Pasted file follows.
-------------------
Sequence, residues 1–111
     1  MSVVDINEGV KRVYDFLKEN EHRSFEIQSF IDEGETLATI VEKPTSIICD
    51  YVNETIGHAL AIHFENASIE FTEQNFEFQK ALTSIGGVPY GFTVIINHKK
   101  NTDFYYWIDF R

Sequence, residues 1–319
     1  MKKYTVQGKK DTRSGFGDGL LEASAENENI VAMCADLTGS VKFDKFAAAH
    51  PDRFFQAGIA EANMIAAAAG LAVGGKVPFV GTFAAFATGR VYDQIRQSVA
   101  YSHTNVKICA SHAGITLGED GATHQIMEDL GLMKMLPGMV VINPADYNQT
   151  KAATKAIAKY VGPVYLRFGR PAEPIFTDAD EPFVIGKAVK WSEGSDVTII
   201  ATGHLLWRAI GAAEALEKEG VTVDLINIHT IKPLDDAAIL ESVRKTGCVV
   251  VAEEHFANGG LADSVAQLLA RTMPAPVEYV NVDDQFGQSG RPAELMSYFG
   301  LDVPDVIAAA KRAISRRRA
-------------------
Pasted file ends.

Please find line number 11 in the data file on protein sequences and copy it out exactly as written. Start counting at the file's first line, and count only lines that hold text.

   251  VAEEHFANGG LADSVAQLLA RTMPAPVEYV NVDDQFGQSG RPAELMSYFG